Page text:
This monograph was published originally in Italian. In the translation some traces of the original language have been left, such as the use of Italian »Ivi« where English usage would have suggested »Ibid.«. On occasion, quotations from Italian scholars are left without English translation as well. This leaves one again with the question, who could benefit from a monograph such as this. Knowledge of Latin (and preferably of Greek as well) is a prerequisite for understanding the Commentary. And a grounding in dialectic will not come amiss either. We have to remember that the aim of Boethius’ work was, according to Fiorella Magnano, to explain how the use of tópoi could provide answers to all kinds of questions, and that Boethius started Book I with an explanation of the fundamental elements of logic. For modern readers, help might have been provided by translations of all quotations (with the originals being given in the footnotes), and by providing translations also of all technical terms. As an alternative, an edition with facing English translation might have been useful, with the actual commentary referring to the translation. That would obviously have meant much extra work for the author; but it would have rendered this monograph much more useful to the average medievalist interested in the history of dialectic and rhetoric.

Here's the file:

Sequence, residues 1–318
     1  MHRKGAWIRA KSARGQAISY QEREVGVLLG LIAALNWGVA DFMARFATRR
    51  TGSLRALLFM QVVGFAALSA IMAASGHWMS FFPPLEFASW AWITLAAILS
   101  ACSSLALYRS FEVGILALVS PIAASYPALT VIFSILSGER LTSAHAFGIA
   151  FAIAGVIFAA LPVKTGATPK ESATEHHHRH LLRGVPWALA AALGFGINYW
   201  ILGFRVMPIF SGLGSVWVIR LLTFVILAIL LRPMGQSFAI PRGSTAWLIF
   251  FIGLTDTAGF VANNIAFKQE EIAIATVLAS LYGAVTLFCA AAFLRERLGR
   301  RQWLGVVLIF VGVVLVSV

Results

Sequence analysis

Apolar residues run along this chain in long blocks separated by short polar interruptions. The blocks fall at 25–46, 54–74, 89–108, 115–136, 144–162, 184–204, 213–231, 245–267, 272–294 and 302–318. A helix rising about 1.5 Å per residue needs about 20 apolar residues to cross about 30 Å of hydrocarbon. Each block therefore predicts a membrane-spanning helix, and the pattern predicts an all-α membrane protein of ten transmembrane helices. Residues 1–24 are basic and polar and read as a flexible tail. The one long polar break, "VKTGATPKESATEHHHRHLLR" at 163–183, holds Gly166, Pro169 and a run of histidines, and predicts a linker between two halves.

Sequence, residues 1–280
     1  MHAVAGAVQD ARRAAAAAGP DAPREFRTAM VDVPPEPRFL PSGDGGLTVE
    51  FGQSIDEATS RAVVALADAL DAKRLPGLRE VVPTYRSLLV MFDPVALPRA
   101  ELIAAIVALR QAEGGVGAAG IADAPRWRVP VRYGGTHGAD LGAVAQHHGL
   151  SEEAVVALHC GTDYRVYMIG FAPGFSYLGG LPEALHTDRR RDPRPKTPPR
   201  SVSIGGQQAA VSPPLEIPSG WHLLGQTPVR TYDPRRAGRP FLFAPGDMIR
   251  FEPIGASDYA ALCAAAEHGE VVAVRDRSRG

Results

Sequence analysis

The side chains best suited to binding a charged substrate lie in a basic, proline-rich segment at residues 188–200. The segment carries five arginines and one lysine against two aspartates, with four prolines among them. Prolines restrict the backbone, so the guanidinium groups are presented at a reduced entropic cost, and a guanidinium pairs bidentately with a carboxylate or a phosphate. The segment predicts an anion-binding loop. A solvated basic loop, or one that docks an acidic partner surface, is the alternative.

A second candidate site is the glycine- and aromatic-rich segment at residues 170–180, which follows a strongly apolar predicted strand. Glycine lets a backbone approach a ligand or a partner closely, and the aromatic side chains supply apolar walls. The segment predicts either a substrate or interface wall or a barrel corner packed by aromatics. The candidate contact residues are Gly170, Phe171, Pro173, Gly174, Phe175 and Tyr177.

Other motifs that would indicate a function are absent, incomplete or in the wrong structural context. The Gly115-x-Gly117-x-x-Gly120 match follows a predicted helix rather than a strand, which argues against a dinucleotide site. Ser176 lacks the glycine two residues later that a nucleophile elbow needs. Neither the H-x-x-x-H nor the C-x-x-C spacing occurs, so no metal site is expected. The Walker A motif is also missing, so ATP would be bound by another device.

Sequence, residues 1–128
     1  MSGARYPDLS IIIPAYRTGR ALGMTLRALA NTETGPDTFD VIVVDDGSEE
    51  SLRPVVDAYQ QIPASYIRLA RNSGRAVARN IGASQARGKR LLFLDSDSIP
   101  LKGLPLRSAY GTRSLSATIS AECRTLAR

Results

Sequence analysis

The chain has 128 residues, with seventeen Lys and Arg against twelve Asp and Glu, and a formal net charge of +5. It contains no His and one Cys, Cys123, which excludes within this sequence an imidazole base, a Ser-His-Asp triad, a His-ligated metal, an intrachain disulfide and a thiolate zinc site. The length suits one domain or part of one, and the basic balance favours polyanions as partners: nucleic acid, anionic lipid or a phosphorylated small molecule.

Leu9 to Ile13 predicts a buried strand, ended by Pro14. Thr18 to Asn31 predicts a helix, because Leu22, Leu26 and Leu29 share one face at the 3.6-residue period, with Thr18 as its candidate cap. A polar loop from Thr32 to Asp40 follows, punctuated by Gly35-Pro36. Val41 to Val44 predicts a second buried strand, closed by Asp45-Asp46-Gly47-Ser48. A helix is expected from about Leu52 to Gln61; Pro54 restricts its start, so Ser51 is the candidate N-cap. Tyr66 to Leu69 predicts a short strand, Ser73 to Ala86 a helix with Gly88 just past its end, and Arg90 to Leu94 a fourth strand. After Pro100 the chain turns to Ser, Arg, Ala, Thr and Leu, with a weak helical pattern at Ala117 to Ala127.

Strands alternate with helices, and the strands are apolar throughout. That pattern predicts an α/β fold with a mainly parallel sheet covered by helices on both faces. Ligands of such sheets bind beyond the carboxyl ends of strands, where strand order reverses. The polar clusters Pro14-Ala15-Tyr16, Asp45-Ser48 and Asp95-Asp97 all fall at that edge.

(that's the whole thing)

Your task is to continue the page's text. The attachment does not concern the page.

1 Dimitrios Z. Nikitas, Boethius. De Topicis differentiis und die byzantinische Rezeption dieses Werkes, Athens, Paris, Brussels 1990 (Corpus Philosophorum Medii Aevi. Philosophi Byzantini, 5).
2 Fiorella Magnano (ed.), Il »De topicis differentiis« di Severino Boezio, Palermo 2014 (Machina Philosophorum, 41).

Zitationsempfehlung/Pour citer cet article:

Marco Mostert, Rezension von/compte rendu de: Fiorella Magnano (ed.), Boethius. On Topical Differences. A Commentary, Turnhout (Brepols), Rome, Barcelona (Fédération Internationale des Instituts d’Études Médiévales) 2017, 400 p., 67 tabl. (Fédération Internationale des Instituts d’Études Médiévales. Textes et Études du Moyen Âge, 89), ISBN 978-2-503-57931-3, EUR 59,00., in: Francia-Recensio 2022/4, Mittelalter – Moyen Âge (500–1500), DOI: